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Grand County

Grand County

Quick facts
Interesting facts
What the land is like
A bit of prehistory
European people passing through
Settlement attempts

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Quick facts

Area: 3,689 square miles 
County Seat: Moab 
Where it got its name: The Colorado River, which flows through the county, was first called the Grand River. 
Main city: Moab
Economy: tourism, mining, agriculture, livestock
Interesting places: Arches National Park, LaSal Mountains, Colorado River, Dead Horse Point State Park, Dewey Bridge over the Colorado River (Highway 128)

Interesting facts

historic photo of bridge

The Dewey Bridge, built in 1916 to span the Colorado River near Moab. When it was finished it was the second-longest suspension bridge west of the Mississippi. In 2008 a 7-year-old boy playing with matches started a fire that gutted the bridge.

What the land is like


Panorama in Arches National Park. © Jarek Tuszynski on Wikimedia Commons.

Grand County is classic Colorado Plateau country. In the north lie sparse deserts and the rugged Book Cliffs. The spectacular Gray Canyon and Labyrinth Canyon of the Green River form the county’s western edge.

In the southern half of the county, rivers and streams have eroded ancient beds of sandstone and limestone into huge canyons, small canyons, and washes. Wind, weather, and water have sculpted the rock into arches, buttes, and fantastic formations.

The tall, forested LaSal Mountains rise up in the southeast.

A bit of prehistory

A petroglyph of a mammoth or mastodon on a canyon wall west of Moab makes people wonder whether PaleoIndian people may have been in Grand County thousands of years ago.

At least 5,000 years ago, the Archaic culture emerged. They left traces of their lives in remnants of their homes and tools and the haunting Barrier Canyon-style pictographs they painted on cliff walls.

The earliest form of the Ancestral Pueblo culture emerged around the time of Christ. Grand County is as far north as these Pueblo people lived. In fact, the county roughly divided the Pueblo culture and Fremont culture. The Fremont lived mostly north of the Colorado River, and they left behind a lot of evidence of their lives. Much of this evidence still needs to be studied!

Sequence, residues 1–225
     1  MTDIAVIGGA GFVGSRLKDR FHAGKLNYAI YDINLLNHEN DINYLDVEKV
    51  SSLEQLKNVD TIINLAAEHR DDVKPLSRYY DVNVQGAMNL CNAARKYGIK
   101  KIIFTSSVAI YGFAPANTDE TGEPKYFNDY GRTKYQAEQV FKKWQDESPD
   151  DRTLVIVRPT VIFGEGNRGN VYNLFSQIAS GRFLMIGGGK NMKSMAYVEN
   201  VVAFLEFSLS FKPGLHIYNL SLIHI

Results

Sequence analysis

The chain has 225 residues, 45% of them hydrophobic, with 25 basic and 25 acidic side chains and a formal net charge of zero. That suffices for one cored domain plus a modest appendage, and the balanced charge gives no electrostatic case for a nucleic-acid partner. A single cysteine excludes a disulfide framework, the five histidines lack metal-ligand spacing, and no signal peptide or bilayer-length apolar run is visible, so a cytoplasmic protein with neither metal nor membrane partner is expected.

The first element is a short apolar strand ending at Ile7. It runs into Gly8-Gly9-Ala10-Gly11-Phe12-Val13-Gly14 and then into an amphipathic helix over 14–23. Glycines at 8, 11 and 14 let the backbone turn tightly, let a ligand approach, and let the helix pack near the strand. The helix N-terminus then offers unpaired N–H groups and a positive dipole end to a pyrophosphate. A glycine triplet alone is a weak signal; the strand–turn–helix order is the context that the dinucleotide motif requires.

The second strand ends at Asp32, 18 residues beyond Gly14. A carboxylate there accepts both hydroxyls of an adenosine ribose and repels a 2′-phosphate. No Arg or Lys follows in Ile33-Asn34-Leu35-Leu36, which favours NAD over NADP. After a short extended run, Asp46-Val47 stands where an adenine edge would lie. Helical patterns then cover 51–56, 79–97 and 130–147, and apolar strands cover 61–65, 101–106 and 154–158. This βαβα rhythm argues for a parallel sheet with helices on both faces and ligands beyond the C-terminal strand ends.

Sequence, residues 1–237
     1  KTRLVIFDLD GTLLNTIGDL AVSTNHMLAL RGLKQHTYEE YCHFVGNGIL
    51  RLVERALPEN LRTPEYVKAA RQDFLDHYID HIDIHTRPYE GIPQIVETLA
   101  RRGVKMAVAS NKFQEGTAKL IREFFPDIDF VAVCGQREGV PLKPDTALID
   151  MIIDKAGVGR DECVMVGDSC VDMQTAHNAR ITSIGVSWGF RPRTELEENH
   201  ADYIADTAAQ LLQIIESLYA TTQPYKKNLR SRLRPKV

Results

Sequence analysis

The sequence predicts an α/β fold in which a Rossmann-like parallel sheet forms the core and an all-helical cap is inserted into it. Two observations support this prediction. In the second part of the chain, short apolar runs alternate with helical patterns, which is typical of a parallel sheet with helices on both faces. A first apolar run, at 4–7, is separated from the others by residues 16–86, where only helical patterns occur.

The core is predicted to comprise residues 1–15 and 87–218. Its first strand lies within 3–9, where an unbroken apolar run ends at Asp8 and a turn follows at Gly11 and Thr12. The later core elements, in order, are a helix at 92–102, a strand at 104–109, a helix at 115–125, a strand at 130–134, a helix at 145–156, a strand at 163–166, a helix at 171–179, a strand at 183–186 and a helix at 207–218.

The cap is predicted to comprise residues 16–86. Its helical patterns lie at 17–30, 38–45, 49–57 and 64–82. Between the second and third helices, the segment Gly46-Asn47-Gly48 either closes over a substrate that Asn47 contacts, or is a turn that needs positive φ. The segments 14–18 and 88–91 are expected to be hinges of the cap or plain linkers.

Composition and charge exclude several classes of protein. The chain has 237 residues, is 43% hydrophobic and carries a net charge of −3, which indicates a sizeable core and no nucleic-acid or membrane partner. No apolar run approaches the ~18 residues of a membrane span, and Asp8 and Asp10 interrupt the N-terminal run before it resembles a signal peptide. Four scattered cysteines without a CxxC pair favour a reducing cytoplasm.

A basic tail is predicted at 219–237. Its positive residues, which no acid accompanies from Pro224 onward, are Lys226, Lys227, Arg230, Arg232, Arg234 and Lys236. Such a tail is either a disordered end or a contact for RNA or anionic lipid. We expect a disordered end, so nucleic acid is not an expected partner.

Both the Puebloans and Fremont disappeared from Utah by A.D. 1300. Utes and Paiutes became the main people to use the land.

Today the remains of cliff houses and rock art in the canyons delight explorers. They can delight your grandchildren for many years to come if today we are careful not to touch them, walk on them, destroy them, or take anything.

European people passing through

The first non-Indians to enter the present area of Grand County were Spanish explorers who discovered a crossing of the Colorado River at the site of the present highway bridge at Moab.

Later, Spanish traders and American fur trappers developed the route known as the Spanish Trail. This trail used that same Colorado River crossing. It crossed the Green River near the present city of Green River, Utah.

Attempts at settlement

The first attempt by Mormon colonists to settle the Moab area was a failure. A group of men called the Elk Mountain Mission reached Moab Valley in 1855 and planted corn and melons.

It wasn’t long before the Utes who already lived there realized that having the new people around wasn’t working out so well. The Utes attacked the little fort and killed some people—and the missionaries gathered up what they could and got out of there.

bearded man

The "goat man" who once lived on the Colorado River near Moab.

The Utes may have won a battle, but they lost the war. In the 1870s did various people like cattle ranchers, prospectors, and homesteaders begin to trickle in again—Mormons and non-Mormons. Moab became a rough frontier town.

Other small towns were born, and some died. Because the Denver and Rio Grande Railroad built tracks through the county in 1883, several of these towns served the railroad—for instance, Thompson, Cisco, and Crescent Station.


Most of the history of Grand County has been the story of livestock or small family farms and orchards. Large sheep and cattle companies found lots of feed forage for their livestock in the canyons and the LaSal Mountains—at least, until the canyons became overgrazed.

Cowboys and outlaws figure prominently in the area's folklore.

historic photo

A man using a "doodle-bug" (or dowser) to try to find uranium in 1954.

The uranium boom of the 1950s brought the first real surge in population. It also saw the creation of a few large fortunes—as well as many failures.

A big potash mine and plant near Moab have been important to the economy. Sadly, an explosion in the mine—which was at the time the deepest in the United States—killed 18 miners in 1963.

Most recently, tourism has been the county’s biggest source of income. The government created Arches National Monument in 1929. In 1971 it got National Park status. The park gets more popular every year.

Visiting mountain bikers, river-runners, and four-wheel-drivers began to transform Moab in the 1980s. The town has gone from a quiet, fading place to a bustling center of motels, restaurants, and stores, jammed with tourists during much of the year.